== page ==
We spoke during the middle of Summer when Spotify was trading over $100 a share. Smulyan said: “One of our statements at Emmis is we ought to take $20 million and short Spotify.” Jokingly, he qualified the statement, “We said with our luck, the minute we shorted Spotify, Alibaba or Tencent would buy it for $100 billion, and we’d be wiped out.”

Smulyan understands the economics of broadcasting, streaming, and podcasting, probably, as well as anybody on the planet.

Remembering formatics 101, here’s a pre-sell for what’s coming up.

#1: Jeff Smulyan’s book, “Never Ride a Rollercoaster Upside Down: The Ups, Downs, and Reinvention of an Entrepreneur,” is out December 6th.

The book includes a breakdown of the businesses Emmis has managed over the years. “I hope, I think, it provides an easily distillable analysis of the economics of sports, radio, TV, streaming, and podcasting that somebody could say, I never knew that,” Smulyan told me.

As I listened to Spotify’s earnings call, what Jeff Smulyan told me last summer rang in my head. “The reality is if you are iHeart or you are Spotify, and you rely on the economics of streaming, the math is impossible. And Apple being Apple has made it more impossible because they basically went to the music business and said, we’ll pay you $0.73 on the dollar. So, Spotify at $0.65 on the dollar isn’t going to get much lower rates. The problem with that is you show me a business where 73% goes to music licensing besides all the other costs, and you make no money.”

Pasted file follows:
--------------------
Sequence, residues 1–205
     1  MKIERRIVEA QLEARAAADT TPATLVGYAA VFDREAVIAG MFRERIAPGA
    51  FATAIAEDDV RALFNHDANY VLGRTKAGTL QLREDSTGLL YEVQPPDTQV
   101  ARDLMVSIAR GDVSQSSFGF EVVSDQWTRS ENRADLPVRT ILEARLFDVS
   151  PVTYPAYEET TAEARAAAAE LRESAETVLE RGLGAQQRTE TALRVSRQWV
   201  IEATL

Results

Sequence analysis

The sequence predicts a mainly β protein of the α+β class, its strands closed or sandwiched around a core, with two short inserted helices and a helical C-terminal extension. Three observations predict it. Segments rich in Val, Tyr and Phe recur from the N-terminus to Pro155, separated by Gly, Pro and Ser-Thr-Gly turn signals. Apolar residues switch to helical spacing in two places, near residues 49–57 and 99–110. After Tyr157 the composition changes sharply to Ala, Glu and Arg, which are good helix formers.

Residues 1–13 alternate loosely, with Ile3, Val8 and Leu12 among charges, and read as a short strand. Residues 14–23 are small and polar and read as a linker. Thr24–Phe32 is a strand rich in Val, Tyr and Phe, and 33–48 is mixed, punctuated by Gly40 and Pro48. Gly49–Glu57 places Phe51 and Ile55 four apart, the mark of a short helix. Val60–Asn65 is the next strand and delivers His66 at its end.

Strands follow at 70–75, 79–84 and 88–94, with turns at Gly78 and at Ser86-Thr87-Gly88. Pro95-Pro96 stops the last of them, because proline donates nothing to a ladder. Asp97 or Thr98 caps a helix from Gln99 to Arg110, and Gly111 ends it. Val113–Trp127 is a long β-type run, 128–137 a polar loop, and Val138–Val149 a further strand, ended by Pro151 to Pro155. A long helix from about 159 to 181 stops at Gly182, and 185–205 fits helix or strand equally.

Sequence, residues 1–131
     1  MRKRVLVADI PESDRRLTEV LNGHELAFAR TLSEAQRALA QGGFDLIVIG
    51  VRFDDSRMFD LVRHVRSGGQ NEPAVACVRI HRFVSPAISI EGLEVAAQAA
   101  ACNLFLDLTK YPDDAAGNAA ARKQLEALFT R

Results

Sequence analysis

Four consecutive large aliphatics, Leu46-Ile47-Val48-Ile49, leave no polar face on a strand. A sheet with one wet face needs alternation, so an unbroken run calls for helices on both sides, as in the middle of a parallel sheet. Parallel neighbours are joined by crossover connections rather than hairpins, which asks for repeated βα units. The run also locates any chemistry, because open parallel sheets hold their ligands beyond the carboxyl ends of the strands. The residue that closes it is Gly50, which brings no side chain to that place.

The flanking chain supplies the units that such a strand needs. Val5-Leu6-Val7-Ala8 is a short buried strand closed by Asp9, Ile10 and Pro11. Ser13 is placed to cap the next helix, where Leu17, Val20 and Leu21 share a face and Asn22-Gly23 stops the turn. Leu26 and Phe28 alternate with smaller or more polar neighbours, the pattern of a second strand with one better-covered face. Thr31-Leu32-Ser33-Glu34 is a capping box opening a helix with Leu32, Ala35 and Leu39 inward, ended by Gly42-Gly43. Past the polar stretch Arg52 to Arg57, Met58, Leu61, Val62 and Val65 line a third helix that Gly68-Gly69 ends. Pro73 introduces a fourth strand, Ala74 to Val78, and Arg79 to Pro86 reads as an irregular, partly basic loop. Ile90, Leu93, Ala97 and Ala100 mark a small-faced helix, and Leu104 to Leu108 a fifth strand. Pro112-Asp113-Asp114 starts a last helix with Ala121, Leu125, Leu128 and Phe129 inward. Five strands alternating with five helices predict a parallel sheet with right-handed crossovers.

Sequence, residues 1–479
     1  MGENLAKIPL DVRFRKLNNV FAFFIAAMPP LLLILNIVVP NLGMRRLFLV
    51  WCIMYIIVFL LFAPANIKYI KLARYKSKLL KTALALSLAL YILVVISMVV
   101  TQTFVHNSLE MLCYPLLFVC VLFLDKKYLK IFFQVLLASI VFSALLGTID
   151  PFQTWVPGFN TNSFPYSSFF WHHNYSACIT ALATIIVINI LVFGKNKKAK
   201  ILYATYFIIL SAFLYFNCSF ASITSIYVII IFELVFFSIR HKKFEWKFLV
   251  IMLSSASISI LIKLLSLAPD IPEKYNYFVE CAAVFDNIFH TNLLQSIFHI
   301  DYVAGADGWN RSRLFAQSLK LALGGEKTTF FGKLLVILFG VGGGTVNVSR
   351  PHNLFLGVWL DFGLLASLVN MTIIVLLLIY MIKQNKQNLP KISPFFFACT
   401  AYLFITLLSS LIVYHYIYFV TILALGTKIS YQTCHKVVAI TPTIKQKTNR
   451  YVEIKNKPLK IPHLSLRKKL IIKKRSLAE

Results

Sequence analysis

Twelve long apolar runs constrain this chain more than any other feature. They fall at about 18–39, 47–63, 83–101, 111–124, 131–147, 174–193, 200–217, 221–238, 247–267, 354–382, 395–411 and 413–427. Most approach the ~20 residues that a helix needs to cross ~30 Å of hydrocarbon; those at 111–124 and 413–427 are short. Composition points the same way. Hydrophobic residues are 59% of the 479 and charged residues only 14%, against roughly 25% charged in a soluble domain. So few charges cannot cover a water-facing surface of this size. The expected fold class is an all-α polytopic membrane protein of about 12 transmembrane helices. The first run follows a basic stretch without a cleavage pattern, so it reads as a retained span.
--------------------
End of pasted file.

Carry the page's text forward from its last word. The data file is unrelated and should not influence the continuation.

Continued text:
Spotify lost €194 million in Q3 – 22. Spotify is projecting a loss of €300 million for Q4 – 22.

Smulyan knew.

In the previous quote, did you notice iHeart is in the same sentence as Spotify? Do you think that was random? Think again about Emmis’ decision to exit radio. “It Was Hard To Be Gone, But Harder To Stay For Emmis Communications.”

# 2: I promise that the interview with Smulyan (and Cummings) is one of the most fascinating with a CEO ever. Barrett Media will post the transcript of the entire conversation the week before and after Thanksgiving.

Here’s why it’s so terrific:

  • It’s a two-hour conversation. Getting a big-time CEO to stay in one place for that long would usually be impossible. However, although he said he felt fine (and sounded his usual upbeat, optimistic self), Smulyan was isolating with Covid. I think the interview kept him occupied over a holiday weekend when he couldn’t do much else. Rick Cummings was dragged into it, which may have ruined his weekend, but he never complained. Apologies to him.